Brydon Paige, professional name of Brydone James Duncan, dancer, teacher, choreographer, ballet and opera director (b at Vancouver, BC 13 Jan 1933; d at Montréal 8 Oct 2007). Brydon Paige was part of a pioneering generation that helped lay the foundation of professional theatrical dance in Canada and played an especially important role in the development of LES GRANDS BALLETS CANADIENS and ALBERTA BALLET COMPANY.
Paige began professionally as an actor in Vancouver and initially studied dance with noted local teacher Kay Armstrong only to enhance his stage movement skills, but in 1950 he performed with her troupe at the third Canadian Ballet Festival in Montréal. He spent a further 3 years of intensive dance training in Vancouver before joining Montréal's Les Ballets Chiriaeff, where he remained through its evolution from a television performance troupe into Les Grands Ballets. Paige became a noted character dancer and excellent partner but by the mid-1960s was mostly occupied as a ballet master and choreographer.
He left in 1969 to begin an intermittent association with the National Ballet of Guatemala as choreographer and artistic director. Returning to Les Grands Ballets in 1972, Paige became head of its apprentice troupe, Les Compangnons de la Danse. In 1974 he returned to the main company as virtual second-in-command to its new artistic director Brian MACDONALD, with whom he choreographed the much-acclaimed Lignes et Pointes (1976).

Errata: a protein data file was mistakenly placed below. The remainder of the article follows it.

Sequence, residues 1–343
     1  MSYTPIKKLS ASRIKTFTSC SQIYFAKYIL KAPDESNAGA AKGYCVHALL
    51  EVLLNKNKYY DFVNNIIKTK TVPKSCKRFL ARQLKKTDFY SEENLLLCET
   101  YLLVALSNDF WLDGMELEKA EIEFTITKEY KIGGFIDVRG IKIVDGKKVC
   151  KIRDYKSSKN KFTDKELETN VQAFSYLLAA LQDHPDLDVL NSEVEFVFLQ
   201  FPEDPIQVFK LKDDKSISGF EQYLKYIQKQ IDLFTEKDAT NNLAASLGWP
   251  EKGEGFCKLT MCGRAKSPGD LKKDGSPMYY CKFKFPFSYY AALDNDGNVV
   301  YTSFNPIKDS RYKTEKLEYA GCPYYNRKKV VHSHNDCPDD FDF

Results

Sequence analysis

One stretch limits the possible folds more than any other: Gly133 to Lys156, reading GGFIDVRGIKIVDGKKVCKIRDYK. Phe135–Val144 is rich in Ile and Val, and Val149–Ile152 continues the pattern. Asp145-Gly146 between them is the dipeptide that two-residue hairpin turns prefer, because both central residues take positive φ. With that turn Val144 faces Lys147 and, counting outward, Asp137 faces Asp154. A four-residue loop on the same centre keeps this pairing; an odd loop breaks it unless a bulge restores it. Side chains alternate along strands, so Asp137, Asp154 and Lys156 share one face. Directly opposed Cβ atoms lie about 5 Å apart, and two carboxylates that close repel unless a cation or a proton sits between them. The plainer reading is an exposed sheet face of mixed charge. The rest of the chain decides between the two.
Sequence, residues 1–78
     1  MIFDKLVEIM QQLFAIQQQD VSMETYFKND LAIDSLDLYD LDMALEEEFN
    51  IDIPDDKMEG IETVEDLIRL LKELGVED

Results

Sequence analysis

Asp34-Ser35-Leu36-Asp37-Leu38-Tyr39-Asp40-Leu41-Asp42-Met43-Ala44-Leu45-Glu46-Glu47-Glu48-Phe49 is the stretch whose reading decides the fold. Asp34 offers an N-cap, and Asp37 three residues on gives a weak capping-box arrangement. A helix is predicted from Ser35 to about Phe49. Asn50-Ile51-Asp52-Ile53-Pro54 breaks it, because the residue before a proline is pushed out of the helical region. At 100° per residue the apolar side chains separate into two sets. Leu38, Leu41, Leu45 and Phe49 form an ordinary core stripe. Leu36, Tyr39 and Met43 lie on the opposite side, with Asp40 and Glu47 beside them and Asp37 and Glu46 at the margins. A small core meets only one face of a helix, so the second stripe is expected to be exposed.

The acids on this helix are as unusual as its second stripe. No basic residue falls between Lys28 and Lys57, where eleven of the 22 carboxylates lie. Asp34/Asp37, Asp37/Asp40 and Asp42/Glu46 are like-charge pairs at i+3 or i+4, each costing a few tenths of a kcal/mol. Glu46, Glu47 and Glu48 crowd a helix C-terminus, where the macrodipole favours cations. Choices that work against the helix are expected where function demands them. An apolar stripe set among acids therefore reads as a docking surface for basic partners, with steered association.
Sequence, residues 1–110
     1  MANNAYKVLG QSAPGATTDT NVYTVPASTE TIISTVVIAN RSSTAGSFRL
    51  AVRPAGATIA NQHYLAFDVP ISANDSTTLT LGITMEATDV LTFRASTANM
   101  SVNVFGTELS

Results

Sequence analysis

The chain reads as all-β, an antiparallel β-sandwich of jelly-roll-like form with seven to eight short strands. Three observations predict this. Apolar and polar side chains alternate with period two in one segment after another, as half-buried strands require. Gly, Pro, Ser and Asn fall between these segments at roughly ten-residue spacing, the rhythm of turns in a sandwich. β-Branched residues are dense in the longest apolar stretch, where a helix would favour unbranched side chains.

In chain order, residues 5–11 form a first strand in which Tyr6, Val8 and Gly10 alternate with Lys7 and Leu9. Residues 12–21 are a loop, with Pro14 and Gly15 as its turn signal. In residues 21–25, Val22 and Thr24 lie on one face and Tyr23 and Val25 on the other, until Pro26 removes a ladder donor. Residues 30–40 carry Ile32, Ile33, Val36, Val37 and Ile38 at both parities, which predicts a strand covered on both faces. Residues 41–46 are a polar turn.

Paige became artistic director of Alberta Ballet in 1976 at a time when it was struggling to survive. During 12 years at the helm Paige successfully raised the company's dancing standards and artistic profile, nationally and internationally. Sensitive to his audience's often conservative tastes, Paige staged several classical and dramatic ballets while also featuring work by emerging choreographers. By the time he left, Alberta Ballet had become a fully professional and credible fixture on the Canadian dance map.
From 1982 to 1988 Paige served as associate head of the BANFF CENTRE's summer dance program, and in 1987 he was also acting artistic director of the National Ballet of Portugal. Over the years, Brydon Paige provided choreography for several operas, notably an arena-scaled 1988 production of Verdi's Aïda that, following its Montréal premiere in the Olympic Stadium, toured internationally with Paige as staging director. In 1994 he became artistic director of Montréal's Ballet Divertimento, a school and choreographic centre where senior students may gain college credits through an association with a local CEGEP, Le Collège Français. Declining health increasingly limited his involvement but he retained the title of artistic director emeritus.